• long, mostly flat, 5hr 17km  circuit walk
        • park your car at the junction of Le Bruns Rd and Royston River Road
        • ascend southwards along the gravel Royston River Road for 2km to a gated road on the right – walk down this road, descending to Royston Power Station
        • optionally do the above short walk
        • complete the circuit by walking northwards from Royston Power Station along the tramway to the Winch House at the northern end where you get nice views to the north, and then take Le Bruns Rd back to your car
      • hard walk requires ~450m ascent and steep descent

        • this starts at Rubicon power station near the camp grounds and passes Rubicon Falls and Rubicon Falls Power Station and requires an ascent of some 450m up to the Royston Power Station, then, optionally, you can do the walk to Rubicon Dam and back to Royston Power Station.
        • return back northwards from Royston Power Station along the tramway to the Winch House at the northern end where you get nice views to the north BUT you then have to descend 1.3km at a 1 in 3 gradient which will challenge your knees and ankles!
  • Cicada Nature Trail circuit
    • 2hr, 6.5km gently undulating good walking path with occasional short steeper sections which links the Boys Camp Ground, Kendalls camp ground and Jungai camp, and crosses the river so that you get to walk on both sides of the river.
    • a lovely walk to do before breakfast in summer while you wait for your fellow campers to wake up!
  • Snobb’s Creek waterfall
    • a quite impressive little waterfall some 6km off the main road at Snobbs Creek – mostly gravel – make sure you do the 100m left walk down the steps to the falls as these are far more impressive than the lazy 25m right walk section
    • water flows fast over the waterfall and there is a steel viewing platform which tends to shake a bit if others are walking on it so long exposures will have to wait – optimum shutter speed for these falls is probably around 1/8th second – so best to use a camera with a great image stabiliser such as the Olympus OM-D cameras to avoid having to use a restrictive tripod and a wide angle lens such as 12mm in Micro Four Thirds format (24mm in full frame format).
  • Moura Lookout
    • not far from Snobb’s Creek waterfall is a turn off on a 4WD track which takes you to Moura Lookout and then back to Rubicon Valley
    • we needed a chainsaw to get past a newly fallen Eucalypt and a bit of back strain!

Now for some pics:

Early morning on the Cicada Circuit:




Royston Power Station to Rubicon Dam aqueduct trail:


Royston power station



Trestle bridge for tramway – this one is not able to be crossed as severely damaged.


Rubicon Dam wall

Snobb’s Creek waterfall (handheld with the Olympus Om-D E-M1 and 12mm lens):


Eildon Dam from Moura Lookout looking north-east:


You could potentially camp at this site as there is a clearing for a fire BUT judging from the many dead tall trees evidently suffering at the hands of lightning strikes – perhaps this is not the best place to be is a thunderstorm!


Amazing new camera sensor from Panasonic – 8K 60p, 36mp, global shutter, Organic-Photoconductive-Film CMOS Image Sensor

Written by Gary on February 14th, 2018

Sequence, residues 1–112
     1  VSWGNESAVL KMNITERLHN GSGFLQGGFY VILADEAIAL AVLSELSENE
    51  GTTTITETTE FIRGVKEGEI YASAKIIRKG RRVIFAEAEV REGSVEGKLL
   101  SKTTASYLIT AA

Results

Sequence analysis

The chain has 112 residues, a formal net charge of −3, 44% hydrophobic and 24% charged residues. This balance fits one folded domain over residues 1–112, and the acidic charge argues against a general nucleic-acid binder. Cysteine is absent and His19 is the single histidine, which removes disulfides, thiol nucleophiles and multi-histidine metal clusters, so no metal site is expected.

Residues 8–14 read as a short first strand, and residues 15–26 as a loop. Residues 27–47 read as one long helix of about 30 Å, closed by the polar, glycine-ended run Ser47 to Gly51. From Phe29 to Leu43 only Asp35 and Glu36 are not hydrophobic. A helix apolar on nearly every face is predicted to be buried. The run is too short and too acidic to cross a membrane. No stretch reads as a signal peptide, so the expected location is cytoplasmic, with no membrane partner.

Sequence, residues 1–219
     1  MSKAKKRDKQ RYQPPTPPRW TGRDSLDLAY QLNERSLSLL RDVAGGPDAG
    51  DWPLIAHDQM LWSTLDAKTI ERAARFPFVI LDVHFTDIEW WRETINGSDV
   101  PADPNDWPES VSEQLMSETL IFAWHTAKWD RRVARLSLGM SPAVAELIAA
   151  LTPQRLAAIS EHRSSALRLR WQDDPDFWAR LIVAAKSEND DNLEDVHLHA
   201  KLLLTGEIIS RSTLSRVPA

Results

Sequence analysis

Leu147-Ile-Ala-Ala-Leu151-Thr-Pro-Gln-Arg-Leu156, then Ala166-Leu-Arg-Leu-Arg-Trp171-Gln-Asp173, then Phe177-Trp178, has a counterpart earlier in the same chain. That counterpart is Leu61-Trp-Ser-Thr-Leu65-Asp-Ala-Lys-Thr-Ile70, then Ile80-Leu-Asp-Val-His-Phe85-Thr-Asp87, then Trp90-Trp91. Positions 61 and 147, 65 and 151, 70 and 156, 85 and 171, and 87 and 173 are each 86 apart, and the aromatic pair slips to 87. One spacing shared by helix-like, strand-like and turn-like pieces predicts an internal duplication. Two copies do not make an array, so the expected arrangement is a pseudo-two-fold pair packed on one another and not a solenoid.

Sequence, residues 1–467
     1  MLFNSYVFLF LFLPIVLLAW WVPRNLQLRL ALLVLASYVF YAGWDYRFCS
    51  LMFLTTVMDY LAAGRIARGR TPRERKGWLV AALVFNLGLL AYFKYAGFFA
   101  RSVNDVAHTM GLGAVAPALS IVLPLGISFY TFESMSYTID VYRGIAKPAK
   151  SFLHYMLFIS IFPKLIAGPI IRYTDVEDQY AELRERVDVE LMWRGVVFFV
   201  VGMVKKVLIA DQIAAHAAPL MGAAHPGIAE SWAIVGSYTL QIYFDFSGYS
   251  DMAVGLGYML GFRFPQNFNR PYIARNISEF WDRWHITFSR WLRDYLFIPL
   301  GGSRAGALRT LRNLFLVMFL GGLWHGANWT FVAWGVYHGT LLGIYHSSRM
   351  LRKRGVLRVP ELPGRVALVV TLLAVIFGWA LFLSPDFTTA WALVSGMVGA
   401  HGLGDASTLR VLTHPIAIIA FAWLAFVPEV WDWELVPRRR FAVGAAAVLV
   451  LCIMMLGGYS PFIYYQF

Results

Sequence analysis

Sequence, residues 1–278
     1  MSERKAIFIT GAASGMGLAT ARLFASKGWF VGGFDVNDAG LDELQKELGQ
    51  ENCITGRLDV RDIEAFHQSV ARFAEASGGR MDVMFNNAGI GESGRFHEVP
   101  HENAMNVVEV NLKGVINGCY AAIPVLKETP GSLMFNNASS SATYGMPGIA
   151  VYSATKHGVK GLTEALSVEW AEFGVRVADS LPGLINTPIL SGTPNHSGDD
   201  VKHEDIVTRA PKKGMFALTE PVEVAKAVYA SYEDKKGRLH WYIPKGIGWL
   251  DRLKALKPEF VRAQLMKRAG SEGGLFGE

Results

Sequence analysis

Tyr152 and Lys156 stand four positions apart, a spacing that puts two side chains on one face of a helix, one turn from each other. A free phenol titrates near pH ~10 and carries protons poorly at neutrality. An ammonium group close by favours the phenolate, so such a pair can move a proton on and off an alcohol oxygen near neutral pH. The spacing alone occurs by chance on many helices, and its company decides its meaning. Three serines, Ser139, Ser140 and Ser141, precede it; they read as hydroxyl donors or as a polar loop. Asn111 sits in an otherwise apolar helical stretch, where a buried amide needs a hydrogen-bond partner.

43rumors.com has just reported on a new announcement by Panasonic that it has developed a new 8K, 36mp, global shutter, Organic-Photoconductive-Film CMOS Image Sensor with some fascinating features which may change how we use the camera, and hopefully will be incorporated in their next Micro Four Thirds cameras – perhaps the Panasonic GH6?

Feature list of the new sensor:

8K, 60p, 36 mp global shutter

  • we have been waiting for an electronic global shutter for a LONG time!
  • this will eliminate rolling shutter distortions with moving subjects
  • it should allow use of electronic flash with the electronic shutter at all shutter speeds eliminating the need for power sapping HSS/Super FP flash mode at fast shutter speeds when you want to freeze motion or use flash with a wide aperture for shallow DOF in bright sunlight
  • it should allow 36mp 60fps burst modes (yes the Olympus OM-D E-M1 II can already to 60 fps RAW at 20mp and that is probably all we need but 36mp might be useful for some)
  • it should allow 8K 60p ultra high resolution video

New “In-Pixel” pixel level sensor based noise cancellation

  • presumably, this will give us lower image noise at high ISO

In-pixel gain switching technology

  • Ultra high dynamic range mode / High saturation mode
  • you will now be able to image indoors using available light without blowing the outdoor lit scenes in the window
  • skies will no longer be blown out when you need shadow detail

Voltage controlled sensitivity modulation technology

  • this is what enables the global shutter functionality apparently

Electrical ND Filter Technology

  • this allows the user to effectively “steplessly dial down” the ISO as if using any ND filter down to ND32
  • fantastic for those ultra wide angle and fisheye lenses which prevent use of external filters – now you can get those longer shutter speeds for flowing water shots with these lenses as well as negating the need to buy these filters for your other lenses

Exciting times indeed, see more details on 43Rumors.com


The Super Blue Blood Moon syzygy – lunar eclipse from Melbourne with the Olympus 300mm lens

Written by Gary on February 1st, 2018

As the much hyped syzygy of a lunar eclipse occurring during a Blue Moon (a 2nd full moon in a calendar month) at a close distance to earth (hence a “supermoon”) continues and provides us with a lovely long eclipse, it is now well past my bed time at after 1.30am so here is a quick post from around 30 minutes ago as totality had just ended: